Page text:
Did you know that the first Android smartphone did not even support a virtual keyboard at first?
The T-Mobile G1 launched in October 2008 to the tune of the following highlights: 3.2” display, Android running at version 1.1 (no sweet names were publicly associated with those early versions), a signature chin-up design, and a physical, slide out QWERTY keyboard.
The reason for the latter, however, is not just convenience - Android at that version simply did not support a virtual, on-screen keyboard. The physical was thus the only way to type on the device.
It took Google six months to add a virtual keyboard to AndroidThis is an interesting little detail showing how little faith Android engineers had in the efficiency of a virtual keyboard.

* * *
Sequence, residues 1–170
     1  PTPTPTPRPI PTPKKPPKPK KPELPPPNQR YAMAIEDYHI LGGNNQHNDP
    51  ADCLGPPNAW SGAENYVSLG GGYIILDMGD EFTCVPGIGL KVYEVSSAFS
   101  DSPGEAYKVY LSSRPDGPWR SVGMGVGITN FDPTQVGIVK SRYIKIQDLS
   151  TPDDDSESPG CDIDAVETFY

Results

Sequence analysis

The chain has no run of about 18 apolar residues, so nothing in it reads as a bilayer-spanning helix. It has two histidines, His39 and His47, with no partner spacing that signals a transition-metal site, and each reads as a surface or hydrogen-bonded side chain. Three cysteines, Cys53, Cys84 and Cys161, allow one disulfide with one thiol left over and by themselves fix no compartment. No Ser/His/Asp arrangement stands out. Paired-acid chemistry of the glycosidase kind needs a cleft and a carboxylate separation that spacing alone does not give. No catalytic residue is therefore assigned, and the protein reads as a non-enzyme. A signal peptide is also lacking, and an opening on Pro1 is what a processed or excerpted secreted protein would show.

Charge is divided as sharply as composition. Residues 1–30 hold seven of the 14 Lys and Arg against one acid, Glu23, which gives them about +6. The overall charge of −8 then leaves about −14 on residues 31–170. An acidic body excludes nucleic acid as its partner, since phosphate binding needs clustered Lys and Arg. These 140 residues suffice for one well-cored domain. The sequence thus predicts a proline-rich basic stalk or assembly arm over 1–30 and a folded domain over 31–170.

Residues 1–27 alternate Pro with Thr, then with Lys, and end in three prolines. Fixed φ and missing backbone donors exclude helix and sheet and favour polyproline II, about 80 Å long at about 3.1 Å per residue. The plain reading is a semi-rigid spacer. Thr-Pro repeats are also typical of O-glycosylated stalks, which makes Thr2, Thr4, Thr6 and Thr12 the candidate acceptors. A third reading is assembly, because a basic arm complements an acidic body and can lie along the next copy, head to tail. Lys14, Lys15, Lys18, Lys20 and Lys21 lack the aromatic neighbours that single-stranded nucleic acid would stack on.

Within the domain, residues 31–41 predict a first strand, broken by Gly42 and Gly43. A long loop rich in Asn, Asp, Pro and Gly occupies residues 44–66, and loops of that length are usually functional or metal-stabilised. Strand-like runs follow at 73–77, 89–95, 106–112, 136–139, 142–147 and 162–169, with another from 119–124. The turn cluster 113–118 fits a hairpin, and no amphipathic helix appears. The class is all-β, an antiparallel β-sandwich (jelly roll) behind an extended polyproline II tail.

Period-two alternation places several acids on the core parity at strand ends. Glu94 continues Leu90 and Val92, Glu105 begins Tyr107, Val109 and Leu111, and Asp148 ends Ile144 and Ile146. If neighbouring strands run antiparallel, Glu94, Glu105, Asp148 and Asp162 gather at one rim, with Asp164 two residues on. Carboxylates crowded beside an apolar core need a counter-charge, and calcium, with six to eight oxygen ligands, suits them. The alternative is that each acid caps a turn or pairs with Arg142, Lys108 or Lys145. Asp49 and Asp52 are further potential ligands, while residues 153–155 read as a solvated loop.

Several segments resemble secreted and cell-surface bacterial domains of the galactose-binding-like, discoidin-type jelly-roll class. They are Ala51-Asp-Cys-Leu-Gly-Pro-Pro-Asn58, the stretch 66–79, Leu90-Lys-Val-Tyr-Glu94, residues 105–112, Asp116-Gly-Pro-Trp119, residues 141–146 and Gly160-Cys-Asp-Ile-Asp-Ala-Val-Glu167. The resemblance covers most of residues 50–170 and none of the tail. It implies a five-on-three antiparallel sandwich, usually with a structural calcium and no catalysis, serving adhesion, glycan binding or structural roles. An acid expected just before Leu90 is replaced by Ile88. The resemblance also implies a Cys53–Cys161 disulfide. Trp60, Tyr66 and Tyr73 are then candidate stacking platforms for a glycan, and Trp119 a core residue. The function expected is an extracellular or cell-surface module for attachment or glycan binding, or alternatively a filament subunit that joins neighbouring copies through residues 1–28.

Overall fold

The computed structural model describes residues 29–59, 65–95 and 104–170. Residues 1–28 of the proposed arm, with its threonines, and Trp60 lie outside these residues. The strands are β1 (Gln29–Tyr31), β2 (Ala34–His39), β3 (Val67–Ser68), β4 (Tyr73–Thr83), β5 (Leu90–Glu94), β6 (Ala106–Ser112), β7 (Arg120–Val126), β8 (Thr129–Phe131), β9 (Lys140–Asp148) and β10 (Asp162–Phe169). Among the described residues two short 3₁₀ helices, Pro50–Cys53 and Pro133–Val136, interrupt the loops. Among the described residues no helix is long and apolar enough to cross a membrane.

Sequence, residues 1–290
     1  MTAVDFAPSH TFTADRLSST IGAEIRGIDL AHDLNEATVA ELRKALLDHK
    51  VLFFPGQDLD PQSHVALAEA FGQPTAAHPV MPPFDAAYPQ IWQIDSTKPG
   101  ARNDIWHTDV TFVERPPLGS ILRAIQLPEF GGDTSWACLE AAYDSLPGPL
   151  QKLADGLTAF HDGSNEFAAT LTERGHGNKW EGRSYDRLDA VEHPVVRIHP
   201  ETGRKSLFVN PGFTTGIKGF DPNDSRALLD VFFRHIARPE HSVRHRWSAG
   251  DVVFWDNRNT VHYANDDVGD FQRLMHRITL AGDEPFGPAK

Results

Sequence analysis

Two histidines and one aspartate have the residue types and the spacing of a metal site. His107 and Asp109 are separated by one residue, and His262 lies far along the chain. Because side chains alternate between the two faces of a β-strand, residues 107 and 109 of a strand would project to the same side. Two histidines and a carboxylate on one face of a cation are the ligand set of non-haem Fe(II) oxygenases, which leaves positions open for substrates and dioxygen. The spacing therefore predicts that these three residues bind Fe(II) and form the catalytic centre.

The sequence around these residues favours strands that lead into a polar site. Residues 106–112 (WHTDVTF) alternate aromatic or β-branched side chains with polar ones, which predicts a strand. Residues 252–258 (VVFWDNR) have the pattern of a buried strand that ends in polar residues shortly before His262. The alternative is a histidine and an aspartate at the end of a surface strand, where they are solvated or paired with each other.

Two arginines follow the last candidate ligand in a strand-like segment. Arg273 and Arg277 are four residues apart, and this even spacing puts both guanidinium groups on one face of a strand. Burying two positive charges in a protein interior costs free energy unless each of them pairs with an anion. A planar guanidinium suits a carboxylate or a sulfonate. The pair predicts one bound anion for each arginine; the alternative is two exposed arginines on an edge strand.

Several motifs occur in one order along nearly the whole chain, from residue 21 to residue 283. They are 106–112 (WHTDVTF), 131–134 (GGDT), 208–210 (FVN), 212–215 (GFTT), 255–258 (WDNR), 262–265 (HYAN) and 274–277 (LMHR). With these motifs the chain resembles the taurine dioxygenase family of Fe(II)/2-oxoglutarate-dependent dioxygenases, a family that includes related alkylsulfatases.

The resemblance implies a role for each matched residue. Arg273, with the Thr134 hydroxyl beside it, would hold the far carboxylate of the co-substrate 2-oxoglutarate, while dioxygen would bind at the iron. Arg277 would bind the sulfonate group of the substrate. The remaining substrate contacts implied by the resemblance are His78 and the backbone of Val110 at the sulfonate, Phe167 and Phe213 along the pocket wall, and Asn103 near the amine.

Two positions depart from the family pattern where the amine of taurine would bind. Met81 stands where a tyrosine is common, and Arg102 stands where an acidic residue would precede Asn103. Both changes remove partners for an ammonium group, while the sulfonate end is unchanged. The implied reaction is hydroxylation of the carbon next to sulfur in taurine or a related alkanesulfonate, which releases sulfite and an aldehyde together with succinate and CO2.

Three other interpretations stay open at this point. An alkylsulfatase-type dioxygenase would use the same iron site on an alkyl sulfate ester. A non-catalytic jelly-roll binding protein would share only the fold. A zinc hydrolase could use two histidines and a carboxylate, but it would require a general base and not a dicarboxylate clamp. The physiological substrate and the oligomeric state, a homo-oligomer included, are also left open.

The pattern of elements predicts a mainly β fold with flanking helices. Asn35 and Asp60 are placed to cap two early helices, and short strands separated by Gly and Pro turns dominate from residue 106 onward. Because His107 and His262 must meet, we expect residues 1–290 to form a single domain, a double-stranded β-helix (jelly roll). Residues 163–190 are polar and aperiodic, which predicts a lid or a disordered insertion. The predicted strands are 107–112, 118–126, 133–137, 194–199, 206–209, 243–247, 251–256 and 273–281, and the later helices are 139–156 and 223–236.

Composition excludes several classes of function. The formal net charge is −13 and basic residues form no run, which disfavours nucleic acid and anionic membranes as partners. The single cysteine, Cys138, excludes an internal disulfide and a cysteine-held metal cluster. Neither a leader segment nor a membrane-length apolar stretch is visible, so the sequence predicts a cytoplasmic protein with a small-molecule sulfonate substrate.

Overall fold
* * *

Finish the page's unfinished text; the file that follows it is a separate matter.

Luckily, they quickly changed their position on the issue. Some six months after, Android 1.5 Cupcake was released, and the update brought one of the key features that we take for a given on all modern smartphones now - a virtual keyboard. It took quite a while until the Android world was ready to dump the physical keyboard completely. That happened with the launch of the HTC Nexus One in March 2010. Fast forward to today, and a device with a physical QWERTY keyboard would look strange at best. That’s progress for you.